Randomly selected unemployed people are obligated to report regularly at job centres and work for free a minimum of given hours a week providing community services in order to be able to receive financial aid. This official bullying of desperate people trying in vain to find jobs is financed by the European Social Fund (ESF). State job centres have recently been replaced by private agencies focused on job mediation, which are paid 5,000 Czech Crowns by the state for every successfully mediated job. Healthy disabled and unemployed people now will be given a special debit card to withdraw their government financial aid and shop with, but in order to avoid system abuse nobody will be able to buy alcohol and cigarettes using these cards. Here it should be mentioned that Social Affairs Minister Jaromír Drábek (TOP 09) is closely connected with the companies which are supposed to implement this credit card service. On the whole, because of reforms, women are suffering primarily. The financial support for single mothers was cancelled last year, benefits for families with children (maternity grant, parental allowance and child benefits) are decreasing and women comprise the majority of public service workers, with these services being strangled by the current government.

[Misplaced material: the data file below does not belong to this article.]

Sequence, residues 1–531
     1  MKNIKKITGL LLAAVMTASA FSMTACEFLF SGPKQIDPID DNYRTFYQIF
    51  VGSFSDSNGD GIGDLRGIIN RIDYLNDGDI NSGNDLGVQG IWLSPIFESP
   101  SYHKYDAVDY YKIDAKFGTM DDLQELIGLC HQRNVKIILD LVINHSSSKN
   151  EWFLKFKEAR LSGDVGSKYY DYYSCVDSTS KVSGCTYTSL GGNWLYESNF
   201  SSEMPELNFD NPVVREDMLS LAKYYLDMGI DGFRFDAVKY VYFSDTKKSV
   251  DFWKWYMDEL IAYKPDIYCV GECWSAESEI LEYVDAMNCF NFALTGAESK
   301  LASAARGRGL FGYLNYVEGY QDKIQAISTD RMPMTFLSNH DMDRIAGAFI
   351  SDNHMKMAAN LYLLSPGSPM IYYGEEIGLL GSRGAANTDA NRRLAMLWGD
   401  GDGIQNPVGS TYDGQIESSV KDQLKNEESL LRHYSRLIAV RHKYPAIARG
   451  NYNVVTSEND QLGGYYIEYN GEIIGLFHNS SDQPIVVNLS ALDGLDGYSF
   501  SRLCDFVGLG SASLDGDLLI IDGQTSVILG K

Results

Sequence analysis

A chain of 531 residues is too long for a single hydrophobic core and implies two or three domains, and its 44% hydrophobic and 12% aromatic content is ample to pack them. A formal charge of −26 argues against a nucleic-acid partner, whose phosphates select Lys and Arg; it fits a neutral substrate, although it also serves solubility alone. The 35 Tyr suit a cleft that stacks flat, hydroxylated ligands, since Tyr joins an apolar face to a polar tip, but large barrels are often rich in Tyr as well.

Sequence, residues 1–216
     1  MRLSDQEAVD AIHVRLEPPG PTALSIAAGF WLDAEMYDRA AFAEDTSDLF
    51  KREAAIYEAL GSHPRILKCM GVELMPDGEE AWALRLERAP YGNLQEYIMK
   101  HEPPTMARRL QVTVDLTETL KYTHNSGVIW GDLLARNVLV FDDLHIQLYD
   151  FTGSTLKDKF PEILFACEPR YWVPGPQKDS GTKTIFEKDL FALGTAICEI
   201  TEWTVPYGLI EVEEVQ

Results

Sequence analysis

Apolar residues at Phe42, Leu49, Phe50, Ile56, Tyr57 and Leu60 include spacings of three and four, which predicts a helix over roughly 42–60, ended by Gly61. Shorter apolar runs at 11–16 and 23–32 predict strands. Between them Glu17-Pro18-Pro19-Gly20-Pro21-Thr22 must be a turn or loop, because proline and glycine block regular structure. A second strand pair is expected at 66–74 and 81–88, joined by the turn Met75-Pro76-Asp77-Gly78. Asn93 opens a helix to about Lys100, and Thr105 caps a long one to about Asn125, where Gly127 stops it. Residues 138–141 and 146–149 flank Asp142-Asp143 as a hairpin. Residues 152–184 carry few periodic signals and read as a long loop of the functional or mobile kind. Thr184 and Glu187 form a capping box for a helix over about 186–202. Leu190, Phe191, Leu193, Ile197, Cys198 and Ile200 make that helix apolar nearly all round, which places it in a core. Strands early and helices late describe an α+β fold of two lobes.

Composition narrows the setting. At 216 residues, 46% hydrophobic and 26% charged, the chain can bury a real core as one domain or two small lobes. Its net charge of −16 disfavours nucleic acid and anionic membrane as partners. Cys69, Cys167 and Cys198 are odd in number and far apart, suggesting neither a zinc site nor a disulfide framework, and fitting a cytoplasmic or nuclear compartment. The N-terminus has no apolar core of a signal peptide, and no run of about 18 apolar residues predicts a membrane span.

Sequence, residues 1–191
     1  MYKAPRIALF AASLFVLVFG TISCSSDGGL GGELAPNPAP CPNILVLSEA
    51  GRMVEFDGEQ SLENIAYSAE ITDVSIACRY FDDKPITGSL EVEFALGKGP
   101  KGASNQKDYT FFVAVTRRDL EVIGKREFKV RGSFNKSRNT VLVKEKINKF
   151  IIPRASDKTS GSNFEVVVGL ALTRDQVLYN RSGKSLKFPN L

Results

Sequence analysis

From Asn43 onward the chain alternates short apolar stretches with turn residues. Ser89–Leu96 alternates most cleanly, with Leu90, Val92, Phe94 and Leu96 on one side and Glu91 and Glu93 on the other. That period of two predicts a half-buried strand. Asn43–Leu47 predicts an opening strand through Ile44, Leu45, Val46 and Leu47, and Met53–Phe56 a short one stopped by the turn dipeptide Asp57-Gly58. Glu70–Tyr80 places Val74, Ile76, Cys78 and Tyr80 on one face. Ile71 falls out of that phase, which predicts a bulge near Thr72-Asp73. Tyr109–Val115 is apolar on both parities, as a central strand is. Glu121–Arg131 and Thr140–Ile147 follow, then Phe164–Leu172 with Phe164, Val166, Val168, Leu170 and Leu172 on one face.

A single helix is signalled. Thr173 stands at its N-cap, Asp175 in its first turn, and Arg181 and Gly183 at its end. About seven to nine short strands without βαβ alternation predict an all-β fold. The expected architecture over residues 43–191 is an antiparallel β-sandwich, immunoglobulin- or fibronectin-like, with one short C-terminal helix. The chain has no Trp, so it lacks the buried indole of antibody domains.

Frustrated citizens living in the poorest areas have started to turn their hatred against the Roma minority, which is constantly blamed by politicians and media for abusing financial aid. The conflicts have increased rapidly during the last two years and are regularly turning violent.
It seems that the government is content with bullying people, to hypocritically pretend to be busy at work while simultaneously hiding the main goal of their reforms: the gradual privatization of public wealth.
Students and workers resist
Recently the trade unions and social initiatives started to collaborate, due to their mutual antagonism toward the government, although separately they have organized many demonstrations since the government took office. April 2012 saw the biggest demonstrations against the government since the Velvet Revolution in 1989, which were the result of these connections. Organized by the “Stop the Government” platform which consists of 75 organizations, including trade unions, civil initiatives (ProAlt), students (Initiative for Independent Universities), unions for health care and disabled people, the largest protest attracted more than 100,000 citizens from all over the country to join a rally in Prague.